Tyler Naquin (CLE) - Over the last 30 days, Tyler Naquin leads all American League players with a .352 ISO, a measure of a player's overall power output. Helping to boost this number has been a torrid July with 6 home runs, 5 doubles and 1 triple in just 71 at-bats. We knew going into the year that Naquin would be in the mix for playing time with injuries to Michael Brantley and Abraham Almonte, but the rookie got off to a slow start to begin the year and was subsequently dropped in many leagues. The beginning of June marked the beginning of his turnaround, but it wasn't until the end of the month that he started hitting extremely well. So what can we expect the rest of the way? Naquin's .400 BABIP on a 39.1% hard hit rate might be a little inflated, but the power numbers he has shown might actually have some staying power. While he lacks elite hard hit rates and batted ball speed, Naquin has seemingly changed his approach at the plate to become more of a pull hitter over the last two months. We know hitters who pull the ball can leverage their entire body to "cheat" and give themselves a little more power than they normally would, so as long as he continues to pull the ball more than 40% of the time, I believe it's reasonable that we'll see 4-6 home runs a month from the rookie the rest of the way. Naquin went 1-for-3 with a run scored and a couple strikeouts on Friday.
Max Kepler (MIN) - Playing in a small-market for a non-contender tends to get you overlooked. That rings especially true for Minnesota's Max Kepler. Over the last 30 days, Kepler has shown some serious pop with a .352 ISO that has been fueled by 8 home runs, 4 doubles and 2 triples in 92 at-bats. Unfortunately, he has also hit just .239 over that same stretch and has just a .243 batting average on the season. So will he just a poor man's Jay Bruce (struggles against lefties, hits a lot of home runs, and struggles with his batting average)? The answer to this question is maybe, but there seems be a bit of bad luck in his current year small sample. The poor batting average has been partially fueled by his 21% strikeout rate, a mark that is easily the highest it has ever been at any level since he was in rookie ball. However, on the bright side, his contact rate is sitting at a better-than-league-average 80% and his swinging strike rate is also better-than-league-average at 8.8%. Typically these two statistics will be correlated with the strikeout rate. but in this case, these statistics tell us that Kepler's strikeout rate might be a little inflated. Pair that with BABIP of just .259, despite his great hard hit rate, and we're seeing a player who has suffered from poor batted ball luck. The interesting part is that we never saw big power numbers from him during the minor leagues, either. As a result, his 19.5% HR/FB rate is certainly due to regress, despite the fact he does have a strong 39.5% hard hit rate. What we're looking at is a player who will likely see a bit of a slow down in the power department, partially offset by gains in the batting average category.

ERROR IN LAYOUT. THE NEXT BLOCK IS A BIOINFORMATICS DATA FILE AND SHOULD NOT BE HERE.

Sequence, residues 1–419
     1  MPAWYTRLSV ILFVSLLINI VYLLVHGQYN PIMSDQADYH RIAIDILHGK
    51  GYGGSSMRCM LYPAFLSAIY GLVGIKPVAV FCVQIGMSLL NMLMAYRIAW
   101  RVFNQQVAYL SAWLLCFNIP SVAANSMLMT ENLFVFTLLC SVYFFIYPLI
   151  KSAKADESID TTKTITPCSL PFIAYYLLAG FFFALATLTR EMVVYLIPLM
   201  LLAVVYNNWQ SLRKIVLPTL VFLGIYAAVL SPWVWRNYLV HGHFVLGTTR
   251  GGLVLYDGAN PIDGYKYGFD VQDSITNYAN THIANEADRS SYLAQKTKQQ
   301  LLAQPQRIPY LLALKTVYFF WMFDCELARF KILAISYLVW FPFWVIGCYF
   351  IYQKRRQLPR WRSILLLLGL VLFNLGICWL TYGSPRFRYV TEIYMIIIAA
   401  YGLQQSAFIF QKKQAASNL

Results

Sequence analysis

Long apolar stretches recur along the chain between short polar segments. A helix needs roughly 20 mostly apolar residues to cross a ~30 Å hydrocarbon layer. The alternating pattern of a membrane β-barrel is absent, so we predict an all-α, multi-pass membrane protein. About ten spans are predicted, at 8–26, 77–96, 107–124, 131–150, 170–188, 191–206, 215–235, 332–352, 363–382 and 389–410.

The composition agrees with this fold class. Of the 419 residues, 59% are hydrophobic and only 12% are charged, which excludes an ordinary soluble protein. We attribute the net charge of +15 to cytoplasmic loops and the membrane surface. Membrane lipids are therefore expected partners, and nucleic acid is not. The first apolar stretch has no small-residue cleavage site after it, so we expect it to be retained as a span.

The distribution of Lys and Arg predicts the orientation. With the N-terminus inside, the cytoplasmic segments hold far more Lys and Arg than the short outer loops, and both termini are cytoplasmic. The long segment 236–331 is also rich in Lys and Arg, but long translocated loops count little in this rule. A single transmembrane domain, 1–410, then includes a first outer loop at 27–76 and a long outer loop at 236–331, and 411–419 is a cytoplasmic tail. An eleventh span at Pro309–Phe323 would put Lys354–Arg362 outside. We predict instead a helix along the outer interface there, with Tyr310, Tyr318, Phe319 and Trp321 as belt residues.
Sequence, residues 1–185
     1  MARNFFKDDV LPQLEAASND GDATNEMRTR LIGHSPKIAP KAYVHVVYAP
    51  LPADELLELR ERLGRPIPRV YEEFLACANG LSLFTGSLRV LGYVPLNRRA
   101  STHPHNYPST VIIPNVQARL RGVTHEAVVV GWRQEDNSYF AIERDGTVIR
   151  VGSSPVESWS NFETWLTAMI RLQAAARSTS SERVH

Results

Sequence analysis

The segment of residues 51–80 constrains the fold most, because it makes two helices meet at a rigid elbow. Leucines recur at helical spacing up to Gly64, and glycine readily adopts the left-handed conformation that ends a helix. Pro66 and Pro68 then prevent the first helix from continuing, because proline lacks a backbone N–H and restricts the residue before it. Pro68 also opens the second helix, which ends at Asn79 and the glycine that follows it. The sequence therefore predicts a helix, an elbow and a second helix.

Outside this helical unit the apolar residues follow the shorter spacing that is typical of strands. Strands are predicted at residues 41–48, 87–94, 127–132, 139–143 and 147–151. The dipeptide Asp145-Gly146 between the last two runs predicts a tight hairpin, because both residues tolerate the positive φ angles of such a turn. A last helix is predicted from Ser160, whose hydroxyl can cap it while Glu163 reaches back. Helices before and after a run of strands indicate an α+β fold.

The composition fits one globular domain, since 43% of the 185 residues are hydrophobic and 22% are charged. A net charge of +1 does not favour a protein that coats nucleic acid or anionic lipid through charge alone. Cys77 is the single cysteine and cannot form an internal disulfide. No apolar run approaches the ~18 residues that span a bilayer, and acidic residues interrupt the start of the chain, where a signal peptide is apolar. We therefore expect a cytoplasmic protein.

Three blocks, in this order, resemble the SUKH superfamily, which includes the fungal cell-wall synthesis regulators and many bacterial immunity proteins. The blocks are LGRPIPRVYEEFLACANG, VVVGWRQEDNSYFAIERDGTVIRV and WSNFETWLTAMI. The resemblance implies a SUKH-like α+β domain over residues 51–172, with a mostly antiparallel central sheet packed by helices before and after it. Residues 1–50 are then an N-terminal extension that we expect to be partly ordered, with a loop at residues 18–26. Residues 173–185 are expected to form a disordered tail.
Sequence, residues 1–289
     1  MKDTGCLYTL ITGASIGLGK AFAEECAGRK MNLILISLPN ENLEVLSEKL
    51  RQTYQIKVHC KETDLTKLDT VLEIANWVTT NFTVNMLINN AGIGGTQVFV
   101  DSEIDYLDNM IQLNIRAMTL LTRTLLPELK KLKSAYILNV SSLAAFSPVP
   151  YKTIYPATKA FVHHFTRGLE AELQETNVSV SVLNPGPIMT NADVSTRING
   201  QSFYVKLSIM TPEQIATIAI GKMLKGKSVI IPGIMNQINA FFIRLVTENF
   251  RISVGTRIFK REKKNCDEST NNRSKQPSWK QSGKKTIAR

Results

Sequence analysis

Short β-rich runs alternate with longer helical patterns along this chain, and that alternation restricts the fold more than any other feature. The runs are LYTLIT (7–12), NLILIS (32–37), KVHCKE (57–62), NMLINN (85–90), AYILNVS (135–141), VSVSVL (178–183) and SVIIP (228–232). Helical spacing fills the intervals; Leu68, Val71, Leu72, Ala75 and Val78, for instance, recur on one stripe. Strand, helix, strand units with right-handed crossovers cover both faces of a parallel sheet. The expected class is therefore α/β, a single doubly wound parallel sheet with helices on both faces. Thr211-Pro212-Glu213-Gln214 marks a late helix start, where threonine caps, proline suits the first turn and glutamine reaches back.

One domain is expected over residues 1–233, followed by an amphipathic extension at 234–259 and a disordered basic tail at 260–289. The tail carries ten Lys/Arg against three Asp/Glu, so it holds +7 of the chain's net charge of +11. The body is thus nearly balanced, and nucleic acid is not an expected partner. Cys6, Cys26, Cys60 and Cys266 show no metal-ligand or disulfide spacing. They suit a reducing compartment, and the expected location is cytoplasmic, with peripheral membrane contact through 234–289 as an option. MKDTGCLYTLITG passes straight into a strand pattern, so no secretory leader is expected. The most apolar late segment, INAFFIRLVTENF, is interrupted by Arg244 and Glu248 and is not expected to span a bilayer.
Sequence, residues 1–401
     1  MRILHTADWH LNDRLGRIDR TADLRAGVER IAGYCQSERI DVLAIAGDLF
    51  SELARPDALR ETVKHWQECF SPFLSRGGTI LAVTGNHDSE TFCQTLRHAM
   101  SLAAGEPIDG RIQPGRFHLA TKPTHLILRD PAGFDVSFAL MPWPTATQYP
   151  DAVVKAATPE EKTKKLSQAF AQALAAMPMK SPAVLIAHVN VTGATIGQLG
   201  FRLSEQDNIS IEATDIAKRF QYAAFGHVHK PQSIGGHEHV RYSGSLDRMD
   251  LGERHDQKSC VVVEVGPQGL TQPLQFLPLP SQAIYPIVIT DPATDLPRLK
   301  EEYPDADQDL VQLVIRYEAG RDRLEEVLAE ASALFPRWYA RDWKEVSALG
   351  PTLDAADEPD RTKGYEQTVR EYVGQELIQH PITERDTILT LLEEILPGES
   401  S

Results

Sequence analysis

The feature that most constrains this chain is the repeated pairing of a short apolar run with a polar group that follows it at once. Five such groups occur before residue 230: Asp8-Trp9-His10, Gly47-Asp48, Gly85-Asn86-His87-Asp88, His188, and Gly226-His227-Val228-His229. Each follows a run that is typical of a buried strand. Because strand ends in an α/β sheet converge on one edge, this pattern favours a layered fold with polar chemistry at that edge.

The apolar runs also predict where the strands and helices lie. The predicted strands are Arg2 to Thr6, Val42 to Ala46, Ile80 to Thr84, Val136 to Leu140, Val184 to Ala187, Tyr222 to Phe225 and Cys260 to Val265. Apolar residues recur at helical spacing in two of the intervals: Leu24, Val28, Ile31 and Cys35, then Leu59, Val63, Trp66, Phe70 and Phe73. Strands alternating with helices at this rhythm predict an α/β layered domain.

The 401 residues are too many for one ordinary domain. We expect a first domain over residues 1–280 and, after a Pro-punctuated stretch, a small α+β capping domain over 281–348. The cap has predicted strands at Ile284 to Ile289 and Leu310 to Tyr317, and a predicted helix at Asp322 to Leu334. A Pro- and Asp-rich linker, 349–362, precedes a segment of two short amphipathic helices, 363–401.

Kevin Gausman (BAL) - Kevin Gausman allowed 3 runs in the first inning and another 3 runs in the 3rd before getting pulled. His final line read 3.0 IP, 6H, 6ER, 3BB, and 4K. He also allowed 3 home-runs, all of which were solo shots in the 1st. This outing was tied for his shortest of the year and is also tied for the most runs allowed in a start this season. Despite the lower ERA this season, most of Gausman's peripherals look identical to what he posted last year. The improvement in ERA from 4.25 to 3.77 (leading into today - now it's an ugly 4.18) can mostly be explained by normal regression taking his ratio closer to his xFIP. He will continue to be a good starting pitcher in fantasy leagues, but like most SP4 or 5's, you'll want to continue to play the matchups with him.
Jose Bautista (TOR) - Joey Bats led off tonight's game with a home run, his first since May 29th. The slugger missed over a month with turf toe, but returned to an ugly .224/.355/.448 slash line. Now 35 years old, Bautista could be more prone to injuries as his body ages beyond his prime. In general, we've seen a steep drop off in his power production this year, with his ISO dropping down to .215 from .285 and .239 the previously 2 seasons. The good news is, he maintains his elite chase rate (about 12% better than league average) and continues to have an above average contact rate. While the days of 40+ home runs are likely in the rear view mirror, Bautista still has the tools to contribute for your fantasy teams.
Jurickson Profar (TEX) - Jurickson Profar finds himself with more playing time now that Prince Fielder will miss the rest of the season with neck surgery. He has certainly taken advantage of every opportunity that has been given to him this year. On Friday, he went 2-for-3 with 3 runs scored, his 4th double and his 5th homerun of the season. Batting almost exclusively near the top of the order for Texas, Profar is a nice fantasy value for those of your who play in OBP leagues and particularly daily fantasy leagues. Severely under-priced at just $2,600 on FanDuel, Profar will face off against flyballer Ian Kennedy in Arlington Saturday night. Assuming he leads off or bats second, Profar is a great option for DFS.